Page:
Where are The Advocates

by Kevin Nuñez

Hello readers as always, I wish this brings a smile to your face for a few minutes a day. This blog post has a very specific target aud ience, if you are or know someone living with a developmental disability. Please share this with them.

To my fellow Advocates:

Allow me to introduce myself my name is Kevin Nuñez  I’m an individual living with Cerebral Palsy. I use a wheelchair as my primary tool to live my life. Without the help of a caregiver, I could never get out of bed or get dressed in the morning. I am writing you this because I know some of us feel like people are talking are talking “AT us” instead of “TO us” there is no doubt this past year has been difficult for us all I for one have not put on my shoes to go out of the house over ten times since the start of the covid-19 pandemic in March 2020. Here is a fact the world is changing and things will never go back to the way they were. I know how scary this is, but we cannot have our life lived for us. We have our own voices and we must not be afraid to use them!

We all know people with disabilities who cannot speak for themselves, so we always remember that we are representing more than just our interests and whatever disability I diagnosed us with. We must not isolate ourselves to only those who think like we do, that is not how you affect change. You must adapt to new surroundings, even if their surroundings are virtual. Everyone will always prefer an in-person meeting, for the time being, that is not possible. You must not be afraid to sit behind our webcams and let them see our faces. Our stories matter. Our lives have a value like everyone else’s. We’re always told “No” and “can’t” then we adapt to any situation. This is just another situation, only we make a difference.

Policies will be and have been made to help create “The New Normal.” Advocates regardless of their disability must be at the table when this is taking place. You must be part of all covid-19 relief efforts if lawmakers do not hear from our population we are the ones that will suffer. How many of us are still waiting at home to get the first vaccine injections. It doesn’t matter who you voted for this past November, our community is still the least represented and underserved. Disability issues should never be a Democratic or Republican issue. These are just two examples of how lack of action from us will ruin the lives of so many others.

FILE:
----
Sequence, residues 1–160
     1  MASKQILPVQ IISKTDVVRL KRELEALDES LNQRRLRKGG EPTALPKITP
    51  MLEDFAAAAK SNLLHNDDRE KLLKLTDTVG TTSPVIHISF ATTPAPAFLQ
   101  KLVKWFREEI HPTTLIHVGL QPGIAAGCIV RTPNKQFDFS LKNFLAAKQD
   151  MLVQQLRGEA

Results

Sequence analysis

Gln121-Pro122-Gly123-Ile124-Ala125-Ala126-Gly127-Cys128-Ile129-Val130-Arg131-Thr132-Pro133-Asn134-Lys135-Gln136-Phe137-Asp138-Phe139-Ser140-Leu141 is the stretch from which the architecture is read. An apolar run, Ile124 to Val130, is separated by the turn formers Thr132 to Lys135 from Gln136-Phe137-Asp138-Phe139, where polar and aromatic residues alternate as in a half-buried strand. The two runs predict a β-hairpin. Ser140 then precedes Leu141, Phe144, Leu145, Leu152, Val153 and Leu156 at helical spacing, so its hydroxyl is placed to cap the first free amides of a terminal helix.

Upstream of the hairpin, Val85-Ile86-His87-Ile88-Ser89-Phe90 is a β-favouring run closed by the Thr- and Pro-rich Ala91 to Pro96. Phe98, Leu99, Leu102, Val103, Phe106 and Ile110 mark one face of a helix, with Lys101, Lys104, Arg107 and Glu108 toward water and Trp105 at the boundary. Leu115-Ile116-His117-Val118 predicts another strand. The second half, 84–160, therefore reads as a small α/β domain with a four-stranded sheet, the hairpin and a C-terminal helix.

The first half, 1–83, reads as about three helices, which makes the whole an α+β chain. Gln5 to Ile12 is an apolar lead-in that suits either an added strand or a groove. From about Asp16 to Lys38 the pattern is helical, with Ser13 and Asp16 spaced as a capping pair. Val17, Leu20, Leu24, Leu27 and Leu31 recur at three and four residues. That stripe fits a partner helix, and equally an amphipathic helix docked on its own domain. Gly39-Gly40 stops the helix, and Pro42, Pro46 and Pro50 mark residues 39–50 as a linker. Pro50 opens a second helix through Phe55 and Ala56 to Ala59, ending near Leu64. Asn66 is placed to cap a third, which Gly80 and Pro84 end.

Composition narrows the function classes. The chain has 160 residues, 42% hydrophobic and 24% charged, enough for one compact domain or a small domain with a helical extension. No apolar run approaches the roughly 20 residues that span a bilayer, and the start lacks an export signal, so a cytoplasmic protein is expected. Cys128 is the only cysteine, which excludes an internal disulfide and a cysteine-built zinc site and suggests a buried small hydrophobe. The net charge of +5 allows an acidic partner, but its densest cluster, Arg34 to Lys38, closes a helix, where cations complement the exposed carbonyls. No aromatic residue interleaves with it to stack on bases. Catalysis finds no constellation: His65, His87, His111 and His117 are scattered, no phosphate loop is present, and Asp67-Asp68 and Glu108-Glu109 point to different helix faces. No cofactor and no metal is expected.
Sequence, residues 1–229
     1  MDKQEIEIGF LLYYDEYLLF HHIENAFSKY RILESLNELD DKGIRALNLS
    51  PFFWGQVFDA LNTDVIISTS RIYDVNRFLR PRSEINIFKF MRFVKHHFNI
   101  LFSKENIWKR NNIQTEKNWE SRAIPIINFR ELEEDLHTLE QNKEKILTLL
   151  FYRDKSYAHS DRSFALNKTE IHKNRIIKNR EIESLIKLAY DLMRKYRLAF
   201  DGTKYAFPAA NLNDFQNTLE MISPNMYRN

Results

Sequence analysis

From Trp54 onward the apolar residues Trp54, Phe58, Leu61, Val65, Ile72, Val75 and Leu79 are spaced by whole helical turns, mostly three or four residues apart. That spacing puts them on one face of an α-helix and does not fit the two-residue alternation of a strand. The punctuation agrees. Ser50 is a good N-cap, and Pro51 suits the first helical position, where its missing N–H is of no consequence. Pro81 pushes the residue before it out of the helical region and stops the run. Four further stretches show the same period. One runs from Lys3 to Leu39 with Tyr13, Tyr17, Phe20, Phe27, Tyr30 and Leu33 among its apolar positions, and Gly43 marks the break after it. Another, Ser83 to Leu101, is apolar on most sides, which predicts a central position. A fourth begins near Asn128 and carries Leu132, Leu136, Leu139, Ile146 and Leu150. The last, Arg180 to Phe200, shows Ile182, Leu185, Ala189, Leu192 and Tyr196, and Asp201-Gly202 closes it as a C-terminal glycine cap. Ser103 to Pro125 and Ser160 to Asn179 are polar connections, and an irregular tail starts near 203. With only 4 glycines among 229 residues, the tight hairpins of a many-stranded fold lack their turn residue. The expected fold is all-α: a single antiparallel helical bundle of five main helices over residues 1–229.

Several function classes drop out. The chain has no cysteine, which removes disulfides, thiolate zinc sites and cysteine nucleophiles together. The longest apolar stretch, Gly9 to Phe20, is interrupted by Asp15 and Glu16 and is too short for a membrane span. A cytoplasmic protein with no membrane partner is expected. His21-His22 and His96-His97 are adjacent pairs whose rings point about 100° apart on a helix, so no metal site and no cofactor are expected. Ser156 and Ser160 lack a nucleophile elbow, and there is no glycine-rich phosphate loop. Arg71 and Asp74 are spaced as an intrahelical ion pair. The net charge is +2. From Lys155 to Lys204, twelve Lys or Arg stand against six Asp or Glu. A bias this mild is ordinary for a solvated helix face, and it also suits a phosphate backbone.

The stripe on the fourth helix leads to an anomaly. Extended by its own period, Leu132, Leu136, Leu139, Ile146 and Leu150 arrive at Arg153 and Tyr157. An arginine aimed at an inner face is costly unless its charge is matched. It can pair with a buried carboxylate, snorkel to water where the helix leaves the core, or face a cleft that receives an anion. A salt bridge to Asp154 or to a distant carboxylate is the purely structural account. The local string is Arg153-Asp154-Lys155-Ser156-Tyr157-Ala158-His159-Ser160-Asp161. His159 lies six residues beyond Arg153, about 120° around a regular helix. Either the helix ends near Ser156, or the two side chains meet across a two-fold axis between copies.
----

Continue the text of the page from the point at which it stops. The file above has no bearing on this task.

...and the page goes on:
Why is it that in a video conference of 12 people only two at the most have disabilities? We must share our point of view. The amazing parents who sacrificed everything for us make up five of the 12 people. Even though we individuals are always going to be eternally grateful, you must let us grow and make our own mistakes like any other child. Again, if your child cannot speak for themselves, other individuals who understand the struggle will be their voice. I know because I see it every day. The last group of people sitting at this table are some combination of provider agencies. These agencies take great care of their clients, but without us individuals, they would be out of business. Realistically, however, there will always be someone who needs care, they’re in no danger of going out of business. Their focus has become to avoid risk and cut costs as much as possible. Advocates must remind them that the priority must be on us not to the very effective bureaucracy. Checks and balances are critical to a well-run system of care. The quality and development of life should always be the overall goal.

Legislators, family members, and providers are the pillars of the disability service industry that should hold us up. Have you ever heard of another industry where the consumer is not directly consulted? They need to be coming to us, not the other way around. I know I’m not alone. You are not alone. We can and must work together. The Americans with Disabilities Act (ADA) broke a lot of ground that doesn’t mean it solved all the problems. We know what the problems are because we live with them every day. The future is now, and we must be part of the change.

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Disability in Focus